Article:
In veterinary practices, unresolved conflict—whether it involves team members, clients or both—can lead to staff turnover,
compromised patient care, "venting" episodes and customer departures.
Excellent staff members love their job, their role and their responsibilities in practice. However, when their role is compromised
by frustration, conflict creeps in and, ultimately, it's the patients that suffer.
On the other hand, conflict that's resolved successfully can push a practice toward improved patient care and customer service
and thus help the practice thrive. It leads to a happy staff, satisfied clients and a smoothly running clinic.
One thing is certain: conflict is inevitable. So in the spirit of making lemonade when we're served lemons—conflict—let's
use conflict to grow and prosper.
In order to do this, practice leaders need to set up an environment that helps identify conflict in the early stages and provide
systematic resolution algorithms for the people involved. But first, we need to recognize what's behind conflict.
Hints, underlying issues and recognition
When a dog gets ready to bite a human, it usually signals the intent beforehand—you know the bite is coming. Human conflict
is similar; people often give off signals that precede the crisis event.
When people are frustrated, they tend to roll their eyes, engage in verbal snipping, behave in a passive-aggressive manner,
give off body language cues, and—of course—give "the look."
Frustration is what drives this conflict. When we're frustrated, our adrenaline, cortisol and blood pressure levels go up
and we stop having fun. Then the anger sets in, and this anger causes us to push away dialogue and resolution. Once the heat
of anger is present, objectivity goes out the window.
Specifically, here are some conflict cues to look for and triggers to be aware of at your veterinary practice (keep in mind
that cues and triggers are often one and the same):
Body language. Joan Guntezman, PhD, says that 85 percent of human communication is transmitted through body language—so we need to watch
out for hints.
For example, incessant eye blinking and grabbing one's elbow or a nearby edge, such as a countertop or desk, can indicate
anger. However, eye blinking combined with the act of constantly touching one's face can also indicate lying. Meanwhile, nervousness
can show itself in the form of evasive eyes, crossed legs while standing and crossed arms with hands on the biceps.
Teasing. It's been said that all teasing contains a bit of truth—and the truth can have an edge. We need to be aware of the teasing
that's going on in our practice and look for clues of distress from the recipients.
Redirected aggression. By nature, mammals redirect aggression. So when our staff is experiencing conflict, the subordinate party tends to take it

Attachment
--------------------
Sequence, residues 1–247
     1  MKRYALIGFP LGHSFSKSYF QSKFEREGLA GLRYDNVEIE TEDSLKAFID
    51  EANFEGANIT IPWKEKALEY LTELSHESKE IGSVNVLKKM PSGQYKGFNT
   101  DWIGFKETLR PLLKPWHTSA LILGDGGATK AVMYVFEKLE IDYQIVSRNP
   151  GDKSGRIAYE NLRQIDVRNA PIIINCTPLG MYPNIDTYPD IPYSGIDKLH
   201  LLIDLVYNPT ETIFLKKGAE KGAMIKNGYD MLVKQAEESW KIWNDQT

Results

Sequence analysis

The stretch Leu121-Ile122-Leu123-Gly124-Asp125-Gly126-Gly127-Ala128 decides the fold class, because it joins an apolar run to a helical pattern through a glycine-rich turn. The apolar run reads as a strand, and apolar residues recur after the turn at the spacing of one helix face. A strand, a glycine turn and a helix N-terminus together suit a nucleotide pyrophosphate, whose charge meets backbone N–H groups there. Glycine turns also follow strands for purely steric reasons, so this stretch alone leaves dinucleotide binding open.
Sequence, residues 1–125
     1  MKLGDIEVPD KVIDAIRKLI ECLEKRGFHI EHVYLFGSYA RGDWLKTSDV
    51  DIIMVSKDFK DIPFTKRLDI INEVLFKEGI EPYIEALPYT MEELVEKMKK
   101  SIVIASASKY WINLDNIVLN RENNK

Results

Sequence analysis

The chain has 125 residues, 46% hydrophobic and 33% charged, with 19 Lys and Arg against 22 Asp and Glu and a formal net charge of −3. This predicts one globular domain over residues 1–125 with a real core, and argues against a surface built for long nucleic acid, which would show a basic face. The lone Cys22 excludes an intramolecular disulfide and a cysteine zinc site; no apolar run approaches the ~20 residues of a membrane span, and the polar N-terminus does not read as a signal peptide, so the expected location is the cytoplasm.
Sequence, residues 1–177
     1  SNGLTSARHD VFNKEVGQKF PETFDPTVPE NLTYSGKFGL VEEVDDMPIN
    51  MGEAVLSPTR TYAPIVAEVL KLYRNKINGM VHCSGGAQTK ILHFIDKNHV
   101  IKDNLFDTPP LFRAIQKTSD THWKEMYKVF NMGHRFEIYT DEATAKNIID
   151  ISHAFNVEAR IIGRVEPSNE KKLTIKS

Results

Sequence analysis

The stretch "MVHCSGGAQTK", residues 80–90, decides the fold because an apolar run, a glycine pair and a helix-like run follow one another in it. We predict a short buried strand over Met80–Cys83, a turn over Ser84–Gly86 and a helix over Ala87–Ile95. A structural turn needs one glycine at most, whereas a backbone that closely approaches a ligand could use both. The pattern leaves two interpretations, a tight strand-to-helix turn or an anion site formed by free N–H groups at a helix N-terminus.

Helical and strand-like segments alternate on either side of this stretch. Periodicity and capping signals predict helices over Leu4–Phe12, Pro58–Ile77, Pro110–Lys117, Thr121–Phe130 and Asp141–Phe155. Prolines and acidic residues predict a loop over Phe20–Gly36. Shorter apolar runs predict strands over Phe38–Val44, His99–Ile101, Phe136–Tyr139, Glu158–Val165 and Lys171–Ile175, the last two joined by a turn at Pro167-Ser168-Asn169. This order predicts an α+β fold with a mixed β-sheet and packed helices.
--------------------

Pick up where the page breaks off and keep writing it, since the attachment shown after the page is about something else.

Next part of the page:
out on those downstream.
Depression. Some experts have stated that 10 percent of all Americans are depressed on any given day. Translated to our world, that means
one out of every 10 employees and clients will be depressed on any given day. Depression can trigger conflict; in fact, it's
a huge and largely hidden trigger.
Stress points. The Holmes-Rahe Stress Scale System is a classic method used to assign life stress values to human behavior. So when staff
members or clients are facing life changes such as divorce, financial woes, child custody battles or a death in the family,
these will affect their ability to cope with day-to-day conflict.
Snipers. The rage in the behavior research world right now is discussion of the "sniper," an emotional sharpshooter who has the ability
to produce a highly targeted emotional response—down to heart rate, breathing patterns and other effects of emotional machinery.
A personal sniper in your practice will get in "digs" at every opportunity—subtle condescending comments that are very precise,
perfectly timed and highly injurious.
Questions. Many questions are actually comments in hiding. We must pay attention to these, as they sometimes relate to underlying issues.
"Nevers." The "nevers" are people who have come to the conclusion that life is not shaping up in the way they want it to. The recognition
that one will never achieve his or her dreams—whether or not that's actually true–contributes significantly to stress and
Passive-aggressive behavior. There is an inventory of actions that prove that frustrations lead to passive-aggressive personal conduct. The most common
of these is tardiness. Other passive-aggressive indicators may include frequent opposition to higher-ups, deliberately making
mistakes, letting things escalate and procrastinating on purpose.
PPFF failure. Professional, personal, fun and financial (PPFF) are the four major areas of our lives, and they each contain our priorities
and dreams. When things are off track, our lives can feel out of balance, which affects our coping skills.